Secondly, HH the Dalai Lama has mentioned in his public address on October 25, 2008 at the TCV that 1993 the Tibetans were consulted to give their views on the stalemated dialogue process. According to a brochure, on the Middle Way Approach published by the Tibetan Administration, nearly 65% of the Tibetans in that consultation reinforced their faith in the Dalai Lama to continue with this policy. I am not challenging the accuracy of the final figure for the entire Tibetan exile populace but as far as the Tibetans in Europe were concerned, the figure was just the other way round. During a huge conference of Tibetans from all over Europe in March 1997 in Switzerland on referendum with four options, over 67% were for complete independence. I am mentioning this to set the record right, as far as the views of Tibetans in Europe are concerned.

Unlike the past informal consultations of 1993 or 1997, the deliberations and recommendations during this meeting may be more representative and as such will have greater weight. A repetition of such tragic error will be an act of high treason towards the future generations of Tibetans in our Land of Snow.
Of course during the meeting in November 2008 the Tibetan Administration under the leadership of HH the Dalai Lama will explore possible options to resolve the Tibet Issue. However, let us all be clear that there will be no solutions below those level as outlined in the historic speech of the Dalai Lama to the members of the European Parliament in 1988, now known as the Middle Way Approach. No negotiated settlement is acceptable to the Tibetans below the concessions already made in that Strasbourg Speech.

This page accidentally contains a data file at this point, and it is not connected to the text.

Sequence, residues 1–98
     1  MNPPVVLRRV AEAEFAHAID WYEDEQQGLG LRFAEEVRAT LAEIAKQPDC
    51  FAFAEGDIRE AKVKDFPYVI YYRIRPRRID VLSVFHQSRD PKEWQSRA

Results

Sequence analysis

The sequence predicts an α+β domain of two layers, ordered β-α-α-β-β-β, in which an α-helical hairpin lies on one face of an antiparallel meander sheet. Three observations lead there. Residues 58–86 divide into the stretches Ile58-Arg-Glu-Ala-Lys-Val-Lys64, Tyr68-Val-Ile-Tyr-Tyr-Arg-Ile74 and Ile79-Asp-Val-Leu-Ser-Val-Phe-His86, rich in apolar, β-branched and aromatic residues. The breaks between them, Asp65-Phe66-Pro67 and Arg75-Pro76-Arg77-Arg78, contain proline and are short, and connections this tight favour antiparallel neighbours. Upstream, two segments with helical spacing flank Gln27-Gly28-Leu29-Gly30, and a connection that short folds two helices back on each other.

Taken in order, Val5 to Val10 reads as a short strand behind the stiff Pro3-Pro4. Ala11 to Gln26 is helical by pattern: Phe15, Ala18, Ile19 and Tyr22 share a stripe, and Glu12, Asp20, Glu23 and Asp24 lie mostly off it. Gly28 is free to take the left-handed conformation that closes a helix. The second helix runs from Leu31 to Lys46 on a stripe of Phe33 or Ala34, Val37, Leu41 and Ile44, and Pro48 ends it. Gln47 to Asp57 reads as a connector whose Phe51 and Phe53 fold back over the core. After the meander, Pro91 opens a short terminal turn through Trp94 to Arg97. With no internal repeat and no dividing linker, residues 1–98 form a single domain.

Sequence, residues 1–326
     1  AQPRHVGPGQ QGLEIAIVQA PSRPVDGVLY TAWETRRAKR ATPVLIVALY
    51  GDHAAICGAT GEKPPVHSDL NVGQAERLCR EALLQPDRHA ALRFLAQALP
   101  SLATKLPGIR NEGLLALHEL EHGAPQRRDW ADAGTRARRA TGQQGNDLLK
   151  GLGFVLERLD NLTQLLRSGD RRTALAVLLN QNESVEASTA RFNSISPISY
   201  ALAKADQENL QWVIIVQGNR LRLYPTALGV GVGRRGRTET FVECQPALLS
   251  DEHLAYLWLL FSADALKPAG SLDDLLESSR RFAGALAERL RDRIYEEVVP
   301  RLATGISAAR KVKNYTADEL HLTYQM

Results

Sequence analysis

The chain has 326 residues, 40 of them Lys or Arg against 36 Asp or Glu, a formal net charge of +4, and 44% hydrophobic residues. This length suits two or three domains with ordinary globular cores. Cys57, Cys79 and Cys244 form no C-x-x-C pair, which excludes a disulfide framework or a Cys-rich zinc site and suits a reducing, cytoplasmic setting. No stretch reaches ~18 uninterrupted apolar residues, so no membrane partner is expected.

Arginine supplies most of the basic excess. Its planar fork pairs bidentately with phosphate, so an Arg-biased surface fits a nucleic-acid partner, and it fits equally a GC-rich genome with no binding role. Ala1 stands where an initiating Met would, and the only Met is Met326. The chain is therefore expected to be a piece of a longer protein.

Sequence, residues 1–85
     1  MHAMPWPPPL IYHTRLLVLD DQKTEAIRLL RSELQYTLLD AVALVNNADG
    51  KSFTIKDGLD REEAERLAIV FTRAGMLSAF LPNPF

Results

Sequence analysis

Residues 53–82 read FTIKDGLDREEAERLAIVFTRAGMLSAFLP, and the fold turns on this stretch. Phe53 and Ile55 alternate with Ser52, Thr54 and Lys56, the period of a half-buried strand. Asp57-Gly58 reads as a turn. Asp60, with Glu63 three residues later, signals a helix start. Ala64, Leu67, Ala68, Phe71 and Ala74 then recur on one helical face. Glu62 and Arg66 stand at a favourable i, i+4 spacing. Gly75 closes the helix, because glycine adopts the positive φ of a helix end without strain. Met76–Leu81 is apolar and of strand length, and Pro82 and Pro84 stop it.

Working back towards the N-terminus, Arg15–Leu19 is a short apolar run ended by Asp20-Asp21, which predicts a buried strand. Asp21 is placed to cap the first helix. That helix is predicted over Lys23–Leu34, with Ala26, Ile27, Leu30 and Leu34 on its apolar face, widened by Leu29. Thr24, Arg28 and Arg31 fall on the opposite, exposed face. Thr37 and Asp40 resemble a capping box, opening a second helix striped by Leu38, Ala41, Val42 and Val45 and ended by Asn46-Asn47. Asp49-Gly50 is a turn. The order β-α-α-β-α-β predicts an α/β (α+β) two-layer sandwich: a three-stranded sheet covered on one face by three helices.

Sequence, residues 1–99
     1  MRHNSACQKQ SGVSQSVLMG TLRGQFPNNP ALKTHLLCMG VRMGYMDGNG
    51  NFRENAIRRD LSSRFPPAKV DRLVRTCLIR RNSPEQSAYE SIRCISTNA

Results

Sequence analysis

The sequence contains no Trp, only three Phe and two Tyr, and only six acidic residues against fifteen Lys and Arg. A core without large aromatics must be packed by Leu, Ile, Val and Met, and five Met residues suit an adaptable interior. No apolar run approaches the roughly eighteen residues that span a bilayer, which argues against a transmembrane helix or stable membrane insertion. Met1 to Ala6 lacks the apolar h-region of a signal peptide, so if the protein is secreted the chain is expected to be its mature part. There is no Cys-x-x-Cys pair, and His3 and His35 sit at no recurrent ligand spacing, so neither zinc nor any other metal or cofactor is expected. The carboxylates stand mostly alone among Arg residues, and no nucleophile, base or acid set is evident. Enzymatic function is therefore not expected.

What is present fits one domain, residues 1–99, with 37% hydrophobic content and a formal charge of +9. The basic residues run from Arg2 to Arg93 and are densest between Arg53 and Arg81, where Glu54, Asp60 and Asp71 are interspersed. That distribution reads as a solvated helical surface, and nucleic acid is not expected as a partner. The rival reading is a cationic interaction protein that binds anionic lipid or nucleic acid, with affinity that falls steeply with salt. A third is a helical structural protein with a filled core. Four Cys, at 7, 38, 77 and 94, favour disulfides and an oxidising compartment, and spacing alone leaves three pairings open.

In more than 20 years China has not reciprocated positively to the far reaching concessions made from the Tibetan side. It is in this light that I fail to understand the position of Dr. Lobsang Sangay that the Tibetans have to “be more flexible”. I only hope that our young and bright intellectual was wrongly quoted. No Tibetan leadership can come up with positions below the policy out-lined in the Strasbourg Speech. Anything less than that will amount to complete surrender and this is exactly what the Chinese want that the Tibetan leadership choose voluntarily and wash clean China´s blood stained hand of invasion and occupation. Chinese are very history conscious people and this in fact is their motivation for keeping dialogue going. What China wants is not dialogue but complete voluntary surrender.

Looking at the opinion poll of the Tibetans living in Germany I am scared of the special meeting in Dharamsala. In Hamburg, Berlin, Cologne-Bonn, Frankfurt, Stuttgart and Munich Tibetans have met to discuss over various option. I was shocked to learn that over 80% of the total participants support the Middle Way Approach. Although over 60% of the Tibetans in Berlin demand complete independence, but in Munich there is a hundred percent support for the Middle Way Approach. The only new thing is, even those Tibetans in Munich, demand that TYC should be represented in the Tibetan delegation for dialogue.